- 16 quince or
- 12 cups quince sauce
- 3 cups sugar
- 3 TBLS lemon juice
This incredible, uncommon, interesting fruit found its way into my kitchen this week. I grew up with a quince tree behind our house and yet I’d never eaten it. After spending hours and hours processing this batch of jam, I know why my mother never had time for them. Quince are hard, sour and astringent when raw. It’s difficult to know what do with them at first, because you can’t just eat it, like most other raw fruit. They aren’t like apples and pears, which are common and versatile. It takes a lot of time and effort to make jam or membrillo or jelly…but I have decided it was worth it. The end result is something scrumptious.
Reading online stories of quince you will hear that they have a strong scent, something like floral/pear/citrus/vanilla/pineapple. YEP! I agree. The scent is strong, good, and hard to describe. You will also see that the fruit changes colors once cooked. YEP! That happened too. The raw flesh is a pale yellow, but once it gets cooking, it turns darker yellow, then orange, then pinkish salmon. Fun!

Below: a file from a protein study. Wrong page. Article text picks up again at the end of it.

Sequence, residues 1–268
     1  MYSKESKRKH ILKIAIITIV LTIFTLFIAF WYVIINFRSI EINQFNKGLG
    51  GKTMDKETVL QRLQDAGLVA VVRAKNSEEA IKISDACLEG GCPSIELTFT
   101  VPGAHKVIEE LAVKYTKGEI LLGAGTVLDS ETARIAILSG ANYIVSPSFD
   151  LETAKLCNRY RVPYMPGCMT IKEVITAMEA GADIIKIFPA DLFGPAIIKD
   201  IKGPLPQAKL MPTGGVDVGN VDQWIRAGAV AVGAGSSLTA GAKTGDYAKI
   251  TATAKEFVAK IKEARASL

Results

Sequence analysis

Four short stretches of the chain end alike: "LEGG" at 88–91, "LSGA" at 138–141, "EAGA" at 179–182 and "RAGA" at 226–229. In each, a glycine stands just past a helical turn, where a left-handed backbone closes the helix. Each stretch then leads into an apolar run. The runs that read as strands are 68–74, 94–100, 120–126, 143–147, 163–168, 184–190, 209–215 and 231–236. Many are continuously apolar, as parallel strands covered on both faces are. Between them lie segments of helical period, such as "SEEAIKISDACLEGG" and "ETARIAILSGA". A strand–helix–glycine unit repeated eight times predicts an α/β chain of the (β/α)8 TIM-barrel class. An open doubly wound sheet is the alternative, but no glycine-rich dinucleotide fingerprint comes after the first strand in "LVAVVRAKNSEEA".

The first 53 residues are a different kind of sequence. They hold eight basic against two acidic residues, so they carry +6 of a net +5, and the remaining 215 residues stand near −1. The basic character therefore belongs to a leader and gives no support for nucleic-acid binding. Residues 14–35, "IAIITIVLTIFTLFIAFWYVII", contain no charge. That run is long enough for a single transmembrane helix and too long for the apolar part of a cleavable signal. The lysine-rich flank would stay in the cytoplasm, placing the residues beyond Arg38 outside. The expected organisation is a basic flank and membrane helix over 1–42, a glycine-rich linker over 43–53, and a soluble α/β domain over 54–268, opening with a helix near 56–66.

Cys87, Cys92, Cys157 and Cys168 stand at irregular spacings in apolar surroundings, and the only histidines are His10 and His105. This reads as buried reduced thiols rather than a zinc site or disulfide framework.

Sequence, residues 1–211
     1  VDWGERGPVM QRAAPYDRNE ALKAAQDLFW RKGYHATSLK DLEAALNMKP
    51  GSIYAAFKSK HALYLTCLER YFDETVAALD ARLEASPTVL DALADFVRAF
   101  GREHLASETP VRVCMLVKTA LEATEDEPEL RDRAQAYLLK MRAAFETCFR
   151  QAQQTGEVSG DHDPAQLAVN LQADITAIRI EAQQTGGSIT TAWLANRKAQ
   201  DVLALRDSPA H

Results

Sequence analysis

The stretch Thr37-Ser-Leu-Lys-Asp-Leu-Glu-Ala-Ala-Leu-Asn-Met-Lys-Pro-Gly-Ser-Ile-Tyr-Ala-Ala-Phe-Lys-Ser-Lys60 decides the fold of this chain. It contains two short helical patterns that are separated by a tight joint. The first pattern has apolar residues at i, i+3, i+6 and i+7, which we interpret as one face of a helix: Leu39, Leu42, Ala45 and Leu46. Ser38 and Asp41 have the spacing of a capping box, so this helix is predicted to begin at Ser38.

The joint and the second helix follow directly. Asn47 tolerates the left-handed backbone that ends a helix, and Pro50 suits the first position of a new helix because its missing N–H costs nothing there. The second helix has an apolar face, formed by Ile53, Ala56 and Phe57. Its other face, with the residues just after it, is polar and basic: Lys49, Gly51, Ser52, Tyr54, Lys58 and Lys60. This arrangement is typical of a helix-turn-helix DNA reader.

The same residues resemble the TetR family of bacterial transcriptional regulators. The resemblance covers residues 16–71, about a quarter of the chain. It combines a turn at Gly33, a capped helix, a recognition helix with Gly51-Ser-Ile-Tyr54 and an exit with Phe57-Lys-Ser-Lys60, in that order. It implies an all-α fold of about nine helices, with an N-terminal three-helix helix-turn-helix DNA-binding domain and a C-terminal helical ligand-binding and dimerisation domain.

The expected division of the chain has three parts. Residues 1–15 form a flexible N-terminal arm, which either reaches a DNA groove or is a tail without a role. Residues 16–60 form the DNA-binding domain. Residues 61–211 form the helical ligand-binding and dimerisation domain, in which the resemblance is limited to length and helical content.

Quince fruit originate from the Middle East-Eastern Europe-Western Asia, etc. Specifically Mesopotamia, or present day Armenia. They date way back, thousands of years ago. Wikipedia has some great info about them. I’ve also picked up this book, Simply Quince, and I’m learning A LOT about the QUINCE, it’s fascinating.
Well, I got a bucket full from a neighbor and decided to make jam. I cut my quince into fourths, cut out some seeds, but not all, and put into a pot and covered them halfway with filtered water. They hold a lot of natural pectin. After cooking for an hour on Medium heat, everything was soft and mushy. I used my food mill and pureed it all through. What was left of seeds and skins was about 1 cup of compost. In the pot was about 12 cups of quince sauce. I then let it cook down for another several hours on low, steaming away excess liquid. (This could be done faster, at a higher temperature, but I had other things to do). Once it was thickening up a bit, I added 3 TBLs lemon juice (from my frozen stock) and 3 cups of granulated white sugar. You can add more, to your tastes. Then I had to bring it to a boil (which took about 30 minutes). Boil hard for 10 minutes,stirring constantly to avoid burning or sticking to pot’s bottom. Look out for bubbling hot syrupy liquid jumping out of the pot. I really should have made this in a smaller quantity, with a taller pot and longer wooden spoon. I sustained a few minor burns on my hands. :( Hard boiling a fruit sauce is scary work!!
Okay, once it’s thick enough for canning, process in sanitized hot half pint jars for 10 minutes in a hot water bath. Done. Yum!